Following the top four broadcasters – Star & Disney India, Zee Entertainment Enterprises (ZEE), Sony Pictures Networks India (SPN), and Viacom18 – updating their channel pricing in compliance with the amended tariff order, TV viewers may have to pay up to 50% more for the same number of TV channels starting December 1, reported The Economic Times.
The price increase is an unforeseen effect of new tariff regulations for the TV broadcast sector, which were designed to lower consumers’ monthly cable or DTH (direct-to-home) bills, the report quoted experts as saying.
NTO 2.0, according to the Telecom Regulatory Authority of India (TRAI), will give viewers more choice and flexibility to choose and pay for only the channels they wish to watch.
However, the broadcasters have excluded all popular channels from bouquets, with these networks costing between Rs 15 and Rs 25 per month.
TRAI has regulated the price of channels at Rs 12 if they were part of a bouquet under NTO 2.0. Broadcasters were able to charge more for their channels if they were not included in the bouquets.
As a result, consumers will have to select channels à la carte in order to watch more popular channels like Star Plus, Colors, Zee TV, Sony, and certain regional general entertainment networks, which will boost their monthly TV cost by around 35-50 percent, the report quoted market watchers as saying.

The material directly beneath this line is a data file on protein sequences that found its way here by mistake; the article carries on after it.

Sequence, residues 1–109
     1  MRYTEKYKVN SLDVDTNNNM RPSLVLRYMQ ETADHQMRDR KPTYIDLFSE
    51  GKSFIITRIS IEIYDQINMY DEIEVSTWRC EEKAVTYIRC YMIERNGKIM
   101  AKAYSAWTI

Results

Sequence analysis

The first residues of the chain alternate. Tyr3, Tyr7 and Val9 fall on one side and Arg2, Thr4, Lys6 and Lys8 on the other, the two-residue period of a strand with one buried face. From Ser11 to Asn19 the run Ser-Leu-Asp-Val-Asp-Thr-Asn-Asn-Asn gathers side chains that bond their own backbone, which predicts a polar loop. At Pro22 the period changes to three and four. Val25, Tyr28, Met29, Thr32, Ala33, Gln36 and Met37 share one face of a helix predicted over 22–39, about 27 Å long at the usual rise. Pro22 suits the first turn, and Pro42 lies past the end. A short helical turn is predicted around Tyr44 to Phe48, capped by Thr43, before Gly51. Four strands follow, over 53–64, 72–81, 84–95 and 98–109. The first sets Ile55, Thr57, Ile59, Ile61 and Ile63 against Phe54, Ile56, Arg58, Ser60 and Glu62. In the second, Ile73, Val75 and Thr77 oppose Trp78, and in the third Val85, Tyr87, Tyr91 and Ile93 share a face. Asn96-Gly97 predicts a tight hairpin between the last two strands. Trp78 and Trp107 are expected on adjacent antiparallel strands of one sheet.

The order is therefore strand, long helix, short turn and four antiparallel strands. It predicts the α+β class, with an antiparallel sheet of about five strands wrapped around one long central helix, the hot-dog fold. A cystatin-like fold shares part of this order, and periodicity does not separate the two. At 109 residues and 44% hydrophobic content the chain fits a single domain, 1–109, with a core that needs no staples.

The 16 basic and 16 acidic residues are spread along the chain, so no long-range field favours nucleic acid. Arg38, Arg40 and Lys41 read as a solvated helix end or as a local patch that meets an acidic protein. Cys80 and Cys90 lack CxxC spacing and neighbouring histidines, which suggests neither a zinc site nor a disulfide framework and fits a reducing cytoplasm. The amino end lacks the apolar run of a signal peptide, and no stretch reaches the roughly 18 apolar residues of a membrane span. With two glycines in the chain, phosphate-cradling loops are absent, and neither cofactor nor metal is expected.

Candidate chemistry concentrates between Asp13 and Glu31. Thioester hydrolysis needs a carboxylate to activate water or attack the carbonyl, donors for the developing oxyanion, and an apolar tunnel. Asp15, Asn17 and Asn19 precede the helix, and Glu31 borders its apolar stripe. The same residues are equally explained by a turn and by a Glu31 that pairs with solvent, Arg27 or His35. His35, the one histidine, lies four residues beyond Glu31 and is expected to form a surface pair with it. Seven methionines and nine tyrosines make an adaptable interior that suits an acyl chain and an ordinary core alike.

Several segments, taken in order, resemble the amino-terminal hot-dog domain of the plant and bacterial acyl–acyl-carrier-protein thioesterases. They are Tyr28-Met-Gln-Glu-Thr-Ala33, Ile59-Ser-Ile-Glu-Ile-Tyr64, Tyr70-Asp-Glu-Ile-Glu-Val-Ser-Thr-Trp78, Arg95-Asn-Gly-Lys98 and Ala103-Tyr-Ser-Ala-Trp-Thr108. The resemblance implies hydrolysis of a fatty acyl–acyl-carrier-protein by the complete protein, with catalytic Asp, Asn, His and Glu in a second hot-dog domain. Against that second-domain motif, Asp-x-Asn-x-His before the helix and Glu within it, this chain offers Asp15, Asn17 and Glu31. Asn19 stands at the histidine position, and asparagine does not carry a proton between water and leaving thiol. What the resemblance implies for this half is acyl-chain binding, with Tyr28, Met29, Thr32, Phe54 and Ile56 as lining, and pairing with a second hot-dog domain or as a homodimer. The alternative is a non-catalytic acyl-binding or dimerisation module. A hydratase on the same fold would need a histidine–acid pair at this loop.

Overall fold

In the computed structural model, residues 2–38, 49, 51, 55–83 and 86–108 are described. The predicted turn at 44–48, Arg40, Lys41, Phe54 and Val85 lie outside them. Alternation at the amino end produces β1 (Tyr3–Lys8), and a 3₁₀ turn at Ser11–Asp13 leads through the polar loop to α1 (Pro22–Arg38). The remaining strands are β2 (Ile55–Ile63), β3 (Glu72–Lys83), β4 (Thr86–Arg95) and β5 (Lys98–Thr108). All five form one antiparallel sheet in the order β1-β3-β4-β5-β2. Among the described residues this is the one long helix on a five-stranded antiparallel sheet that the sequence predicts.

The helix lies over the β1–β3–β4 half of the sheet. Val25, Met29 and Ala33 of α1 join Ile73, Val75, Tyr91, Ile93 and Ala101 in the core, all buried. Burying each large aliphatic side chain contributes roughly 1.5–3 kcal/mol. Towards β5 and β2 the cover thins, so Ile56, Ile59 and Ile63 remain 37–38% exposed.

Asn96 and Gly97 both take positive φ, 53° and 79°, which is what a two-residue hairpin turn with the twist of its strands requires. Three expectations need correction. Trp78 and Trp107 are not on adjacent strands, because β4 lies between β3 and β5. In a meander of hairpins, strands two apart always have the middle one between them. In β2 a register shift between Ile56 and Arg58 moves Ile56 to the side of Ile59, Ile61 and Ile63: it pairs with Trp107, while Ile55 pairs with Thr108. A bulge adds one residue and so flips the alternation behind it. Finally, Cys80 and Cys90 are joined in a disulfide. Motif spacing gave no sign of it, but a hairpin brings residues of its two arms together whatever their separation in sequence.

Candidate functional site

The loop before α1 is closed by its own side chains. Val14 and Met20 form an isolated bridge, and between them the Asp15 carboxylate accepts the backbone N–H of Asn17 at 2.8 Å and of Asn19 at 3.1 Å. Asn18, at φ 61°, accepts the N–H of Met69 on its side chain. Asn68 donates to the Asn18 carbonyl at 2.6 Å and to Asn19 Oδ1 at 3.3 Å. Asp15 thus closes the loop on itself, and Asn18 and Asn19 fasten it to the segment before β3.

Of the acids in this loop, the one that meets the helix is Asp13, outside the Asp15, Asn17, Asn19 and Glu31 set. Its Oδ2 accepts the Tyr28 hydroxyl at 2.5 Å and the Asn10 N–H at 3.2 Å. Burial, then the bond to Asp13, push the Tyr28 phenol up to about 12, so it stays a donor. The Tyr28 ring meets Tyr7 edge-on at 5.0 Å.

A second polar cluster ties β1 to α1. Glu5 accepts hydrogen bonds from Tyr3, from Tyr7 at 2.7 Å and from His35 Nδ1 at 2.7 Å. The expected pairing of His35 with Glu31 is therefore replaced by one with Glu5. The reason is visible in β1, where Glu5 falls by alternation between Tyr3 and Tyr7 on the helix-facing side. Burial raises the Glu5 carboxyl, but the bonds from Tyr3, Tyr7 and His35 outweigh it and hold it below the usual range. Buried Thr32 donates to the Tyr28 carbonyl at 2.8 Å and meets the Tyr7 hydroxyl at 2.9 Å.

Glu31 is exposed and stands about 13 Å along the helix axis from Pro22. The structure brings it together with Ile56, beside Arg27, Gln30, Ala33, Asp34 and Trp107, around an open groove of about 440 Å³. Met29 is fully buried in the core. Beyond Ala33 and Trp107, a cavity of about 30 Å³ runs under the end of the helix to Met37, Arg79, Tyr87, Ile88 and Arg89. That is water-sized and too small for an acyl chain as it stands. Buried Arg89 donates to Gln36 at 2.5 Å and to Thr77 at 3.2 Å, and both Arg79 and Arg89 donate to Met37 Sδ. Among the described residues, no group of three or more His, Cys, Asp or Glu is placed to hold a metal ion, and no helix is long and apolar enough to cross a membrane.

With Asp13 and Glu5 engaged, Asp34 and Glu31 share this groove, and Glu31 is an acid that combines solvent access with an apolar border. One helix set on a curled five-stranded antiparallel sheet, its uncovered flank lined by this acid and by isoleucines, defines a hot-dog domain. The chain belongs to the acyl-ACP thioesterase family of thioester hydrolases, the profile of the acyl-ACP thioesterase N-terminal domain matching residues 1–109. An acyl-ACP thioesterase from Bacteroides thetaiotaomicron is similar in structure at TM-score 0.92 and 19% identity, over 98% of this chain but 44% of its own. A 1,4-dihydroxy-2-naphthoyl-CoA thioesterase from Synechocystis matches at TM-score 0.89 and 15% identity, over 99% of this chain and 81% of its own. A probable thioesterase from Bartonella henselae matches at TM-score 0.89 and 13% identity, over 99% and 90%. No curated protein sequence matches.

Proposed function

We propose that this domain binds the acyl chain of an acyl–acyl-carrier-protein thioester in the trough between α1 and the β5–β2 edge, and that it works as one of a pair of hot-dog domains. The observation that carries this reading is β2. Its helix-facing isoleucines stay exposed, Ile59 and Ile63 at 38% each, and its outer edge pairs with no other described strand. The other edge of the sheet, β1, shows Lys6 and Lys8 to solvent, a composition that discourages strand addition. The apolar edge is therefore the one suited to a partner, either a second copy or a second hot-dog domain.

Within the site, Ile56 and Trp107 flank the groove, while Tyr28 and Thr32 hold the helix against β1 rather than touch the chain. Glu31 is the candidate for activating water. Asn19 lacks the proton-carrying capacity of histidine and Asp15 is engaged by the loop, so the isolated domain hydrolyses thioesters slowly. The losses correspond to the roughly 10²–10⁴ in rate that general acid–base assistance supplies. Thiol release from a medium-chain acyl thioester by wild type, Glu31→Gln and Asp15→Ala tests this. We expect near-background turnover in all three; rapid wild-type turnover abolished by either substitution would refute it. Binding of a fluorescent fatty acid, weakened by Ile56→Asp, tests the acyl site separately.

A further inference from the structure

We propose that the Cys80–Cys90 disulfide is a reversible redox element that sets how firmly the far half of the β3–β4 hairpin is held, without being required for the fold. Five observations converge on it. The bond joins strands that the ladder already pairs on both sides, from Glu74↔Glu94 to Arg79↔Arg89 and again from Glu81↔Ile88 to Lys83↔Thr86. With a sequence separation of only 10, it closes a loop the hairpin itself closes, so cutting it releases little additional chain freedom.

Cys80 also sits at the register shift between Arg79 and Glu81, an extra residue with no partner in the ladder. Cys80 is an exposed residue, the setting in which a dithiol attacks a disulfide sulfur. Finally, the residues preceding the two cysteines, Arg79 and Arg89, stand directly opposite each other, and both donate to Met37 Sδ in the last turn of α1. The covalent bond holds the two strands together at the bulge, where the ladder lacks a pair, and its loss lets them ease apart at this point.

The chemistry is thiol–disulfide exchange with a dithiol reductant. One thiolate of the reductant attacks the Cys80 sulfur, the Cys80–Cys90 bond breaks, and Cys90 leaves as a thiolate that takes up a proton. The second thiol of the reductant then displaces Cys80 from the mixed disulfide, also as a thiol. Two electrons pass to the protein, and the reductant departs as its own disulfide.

The report quoted a top executive of a large network as saying that they have come up with their own pricing as they haven’t got anything from the Supreme Court.
According to the new pricing, if a viewer in Mumbai wants to keep watching Star & Disney India channels, which were previously accessible for Rs 49 per month, he/she will now have to pay Rs 69 per month for the same number of channels.
The viewer will have to pay Rs 71 per month for SPN instead of Rs 39; Rs 49 (instead of Rs 39) for ZEE; and Rs 39 per month for Viacom18 channels, up from Rs 25 already charged.
The Indian Broadcasting and Digital Foundation (IBDF) said in its affidavit to the Supreme Court that implementing NTO 2.0 will raise prices.
The ET report quoted the distribution head of another broadcast network as saying that this predicament is the result of regulatory overzealousness and added that the distribution revenues have suffered immensely in the last two years.
Lower socioeconomic class (SEC) consumers may convert to DD Free Dish (Prasar Bharati-owned free DTH service) when cable TV and private DTH become less inexpensive, while higher SECs may switch to video streaming services, the report quoted industry experts as saying.
The ET report quoted Ashish Pherwani, partner- Media & Entertainment at EY as saying that it would be apt to monitor how the share of à la carte subscription income changes over the following two quarters
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